Assembly honors Martin Luther King Jr., emphasizes active activism


Martin Luther King Jr. assembly

The theme of the Martin Luther King Jr. assembly was reclaiming the Black Lives Matter hashtag.

Peter Pu, News Editor

The Martin Luther King Jr. assembly Jan. 13 organized by the Black Students’ Association featured speakers presenting themes of reclaiming the Black Lives Matter hashtag and engaging in the movement through action rather than performative activism.

“In 2020, Black Americans asked the world to think about Black Lives Matter as a movement rather than a moment,” Naadia Owens, BSA co-adviser, said. “The theme of this year’s assembly, ‘Reclaim the Hashtag,’ asks Lab’s community to do the same.”

Guest presenter Hasan Kwame Jeffries, associate professor of history at The Ohio State University, spoke about how protestors supporting Black Lives Matter have sought justice, recognition of Black humanity and historical truth. He put the protests in the context of continual Black resistance throughout history and encouraged listeners to consider Martin Luther King Jr. beyond his “I Have a Dream” speech. 

“It’s true that the arc of the moral universe is long, but it only bends toward justice if we exert a force to bend it in that direction,” Dr. Jeffries said, emphasizing the importance of action in activism. “If left to its own devices, the arc of the moral universe, certainly the American concept, will bend toward injustice.”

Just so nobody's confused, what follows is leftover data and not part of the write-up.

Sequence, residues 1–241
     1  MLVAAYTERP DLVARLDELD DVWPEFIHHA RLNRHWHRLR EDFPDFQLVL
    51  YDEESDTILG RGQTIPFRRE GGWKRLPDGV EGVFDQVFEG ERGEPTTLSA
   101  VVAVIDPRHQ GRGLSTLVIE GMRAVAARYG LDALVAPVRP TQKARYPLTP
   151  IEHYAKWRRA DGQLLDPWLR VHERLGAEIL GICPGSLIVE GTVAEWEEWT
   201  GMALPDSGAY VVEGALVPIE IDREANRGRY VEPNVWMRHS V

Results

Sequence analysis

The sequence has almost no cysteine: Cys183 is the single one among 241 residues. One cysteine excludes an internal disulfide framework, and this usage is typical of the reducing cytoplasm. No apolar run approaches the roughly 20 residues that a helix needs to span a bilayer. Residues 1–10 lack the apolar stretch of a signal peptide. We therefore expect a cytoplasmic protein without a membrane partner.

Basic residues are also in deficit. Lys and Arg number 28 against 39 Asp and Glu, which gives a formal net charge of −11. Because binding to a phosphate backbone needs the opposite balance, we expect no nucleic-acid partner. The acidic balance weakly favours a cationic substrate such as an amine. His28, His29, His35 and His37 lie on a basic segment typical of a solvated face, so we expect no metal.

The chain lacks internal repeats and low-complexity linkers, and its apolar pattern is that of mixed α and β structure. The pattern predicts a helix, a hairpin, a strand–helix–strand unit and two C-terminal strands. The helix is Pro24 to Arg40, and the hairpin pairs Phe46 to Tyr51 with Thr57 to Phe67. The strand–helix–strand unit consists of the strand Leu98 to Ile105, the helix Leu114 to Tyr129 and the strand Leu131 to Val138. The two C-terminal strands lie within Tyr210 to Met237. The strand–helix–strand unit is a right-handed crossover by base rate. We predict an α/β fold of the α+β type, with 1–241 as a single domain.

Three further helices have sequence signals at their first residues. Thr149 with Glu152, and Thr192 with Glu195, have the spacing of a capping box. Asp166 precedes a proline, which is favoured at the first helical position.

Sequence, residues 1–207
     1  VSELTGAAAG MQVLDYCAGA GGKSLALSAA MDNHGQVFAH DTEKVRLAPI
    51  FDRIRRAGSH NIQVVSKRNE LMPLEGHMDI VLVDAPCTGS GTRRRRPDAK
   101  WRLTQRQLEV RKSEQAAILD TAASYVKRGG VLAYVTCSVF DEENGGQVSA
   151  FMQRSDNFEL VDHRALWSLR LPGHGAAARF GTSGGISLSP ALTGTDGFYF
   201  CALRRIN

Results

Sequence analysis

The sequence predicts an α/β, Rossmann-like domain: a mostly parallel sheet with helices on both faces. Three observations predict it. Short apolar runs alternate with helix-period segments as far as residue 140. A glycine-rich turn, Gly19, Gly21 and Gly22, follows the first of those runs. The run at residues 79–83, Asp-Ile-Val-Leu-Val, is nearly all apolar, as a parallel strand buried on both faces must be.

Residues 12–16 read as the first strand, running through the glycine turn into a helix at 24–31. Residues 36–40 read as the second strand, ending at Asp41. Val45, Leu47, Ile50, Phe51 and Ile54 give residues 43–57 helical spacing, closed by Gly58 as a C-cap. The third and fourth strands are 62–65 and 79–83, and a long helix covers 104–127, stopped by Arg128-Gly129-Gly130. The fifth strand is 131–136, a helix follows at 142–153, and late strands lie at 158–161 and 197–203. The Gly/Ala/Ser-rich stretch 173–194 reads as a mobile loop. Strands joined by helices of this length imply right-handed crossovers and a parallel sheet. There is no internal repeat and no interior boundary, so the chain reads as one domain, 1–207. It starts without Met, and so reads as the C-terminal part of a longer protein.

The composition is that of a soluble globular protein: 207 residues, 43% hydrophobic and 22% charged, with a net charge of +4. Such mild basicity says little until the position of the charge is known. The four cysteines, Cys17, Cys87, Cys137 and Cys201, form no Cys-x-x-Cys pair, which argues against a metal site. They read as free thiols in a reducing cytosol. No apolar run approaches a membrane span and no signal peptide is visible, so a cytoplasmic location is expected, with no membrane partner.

Black Students’ Association president Mikaela Ewing said that despite the adaptations made to accommodate the assembly’s virtual setting, the process of finding a speaker was easier than previous years as Dr. Jeffries could give his presentation on Zoom. 

The agenda also included a performance of “Lift Every Voice and Sing” by lower school science teacher Mikki Sanders, a presentation by the middle school Black Students’ Association and videos defining allyship and “slacktivism,” an unproductivity associated with passive social media activism.

According to Mikaela, performances from clubs, students and faculty were not included in the agenda. 

“We would have been asking too much of people who already had enough on their plates or they may not have been able to think of something in a virtual setting,” Mikaela said. 

Mikaela noted the importance of recognizing that the points covered in the assembly reflect actual experiences in the community. 

“We just want to make sure that everyone, like we’ve always said, is taking on what we said with an open mind, listening thoughtfully and being aware that these are people’s experiences,” Mikaela said.